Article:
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Flowers & Floral Emblems
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New Jersey State Flower

Common Meadow Violet

New Jersey State Flower - Common Meadow Violet

(Viola sororia)

Adopted in 1913; February 15, 1972 .

The state flower of New Jersey was originally designated as such by a resolution of the Legislature in 1913. Unfortunately the force of resolution ended with the start of the 1914 legislative session, leaving the violet with uncertain status for the next fifty years. In 1963 an attempt was made to have the Legislature "officially" designate the violet as the state flower, but the legislation apparently failed. In 1971, at the urging of New Jersey's garden clubs, legislation more specifically designating the Common Meadow Violet, (Viola sororia,) as the state flower was enacted.

The violet is the state flower for Illinois, New Jersey, Rhode Island and Wisconsin.

New Jersey State Flower: Common Meadow Violet

New Jersey State Flower - Common Meadow Violet

Viola sororia, known commonly as the Common Blue Violet, is a stemless herbaceous perennial plant that is native to eastern North America. It is known by a number of common names including; Common Meadow Violet, Purple Violet, Woolly Blue Violet, Hooded Violet and Wood Violet.

Self-seeding freely, in lawns and gardens it can become a weed. Cleistogamous seed heads may also appear on short stems late summer, early autumn.

Even though violets are often considered "shy," they are hardy enough to grow in New Jersey fields, lawns, and anywhere they can find warm spring sunshine.

Characteristics of the Common Meadow Violet

The Common Meadow Violet is a perennial plant that flowers during the spring months. The green leaves and purple or violet hued flowers grow on separate stems, which emerge directly from a horizontal, ground-level plant stem called a rhizome. Typically, an individual plant grows to about six inches across and four inches high, with the flowers arranged just above the leaves.

The leaves are generally three inches across and have what might commonly be termed a heart-shape. Typically, the leaves are covered by a fine, hair-like growth. The flowers are less than an inch across, with five soft petals. The center mouth of each flower fades to white. During the summer, after the purple blooms have retreated, the plant produces a second type of flower, which has no petals. These flowers produce seeds, which are soon ejected, canon-like, from the flower pod. This explains why wild patches of the plant commonly extend over wide areas.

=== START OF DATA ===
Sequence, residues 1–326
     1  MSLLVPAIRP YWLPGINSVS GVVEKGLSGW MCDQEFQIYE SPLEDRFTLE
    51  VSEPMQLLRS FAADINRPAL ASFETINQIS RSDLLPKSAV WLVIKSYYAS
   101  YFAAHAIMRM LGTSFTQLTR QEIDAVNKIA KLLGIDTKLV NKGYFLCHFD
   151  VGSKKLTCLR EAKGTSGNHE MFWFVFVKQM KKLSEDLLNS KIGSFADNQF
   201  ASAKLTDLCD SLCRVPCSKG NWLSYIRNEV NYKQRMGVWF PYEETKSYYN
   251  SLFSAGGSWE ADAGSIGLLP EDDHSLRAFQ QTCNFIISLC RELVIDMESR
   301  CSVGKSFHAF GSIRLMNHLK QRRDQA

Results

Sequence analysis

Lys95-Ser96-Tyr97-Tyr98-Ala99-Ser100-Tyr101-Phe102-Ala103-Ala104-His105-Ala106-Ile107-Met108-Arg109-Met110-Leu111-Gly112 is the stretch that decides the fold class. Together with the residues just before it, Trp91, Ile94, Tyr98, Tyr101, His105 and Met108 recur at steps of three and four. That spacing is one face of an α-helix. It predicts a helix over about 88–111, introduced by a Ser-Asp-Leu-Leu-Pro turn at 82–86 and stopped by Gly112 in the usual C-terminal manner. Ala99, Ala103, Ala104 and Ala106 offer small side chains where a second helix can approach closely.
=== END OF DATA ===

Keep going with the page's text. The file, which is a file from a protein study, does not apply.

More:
Identification of the Common Meadow Violet

  • Family: Violet (Violaceae)
  • Habitat: woods, meadows, waste areas
  • Height: 3-8 inches
  • Flower size: 3/4 to 1 inch wide
  • Flower color: blue-purple, occasionally white or bicolor
  • Flowering time: April to June
  • Origin: native

New Jersey Assembly Bill No. 2180

Assembly Bill No. 2180, introduced in the New Jersey General Assembly on February 16, 1971, promoted adoption of the violet (common meadow, Viola sororia) as the New Jersey State Flower. The bill was approved on February 15, 1972.

Chapter 444, Laws of 1971
Approved 2-15-72

ASSEMBLY, No. 2180
Introduced February 16, 1971
By Assemblywoman MARGETTS, Assemblymen VREELAND and COBB

AN ACT designating the violet as the New Jersey State Flower.

BE IT ENACTED by the Senate and General Assembly of the State of New Jersey:

The violet (common meadow, V. sororia) is designated the New Jersey State Flower.

This act shall take effect immediately.

The New Jersey Permanent Statutes

The law designating the violet as the official New Jersey state flower is found in from the New Jersey Permanent Statutes, Title 52, Section 52:9A-2.

TITLE 52. STATE GOVERNMENT, DEPARTMENTS AND OFFICERS.
SECTION 52:9A-2.

52:9A-2. Violet; designation as state flower

The violet (common meadow, V. sororia) is designated the New Jersey State Flower.
L.1971, c. 444, s. 1, eff. Feb. 15, 1972.

Taxonomic Hierarchy: Common Meadow Violet

Kingdom: Plantae - Plants
    Subkingdom: Tracheobionta - Vascular plants
Superdivision: Spermatophyta - Seed plants
    Division: Magnoliophyta - Flowering plants
Class: Magnoliopsida - Dicotyledons
    Subclass: Dilleniidae
Order: Violales
Family: Violaceae - Violet family
Genus: Viola L. - violet
Species: Viola sororia Willd. - common blue violet

State Flowers
State Floral Emblems
Flowers & Floral Emblems
Find images and a brief history of the flowers representing, usually by legislative action, the state symbols of each of the fifty states.
The term floral emblem, which refers to flowers specifically, is primarily used in Australia and Canada. In the United States, the term state flower is more often used.
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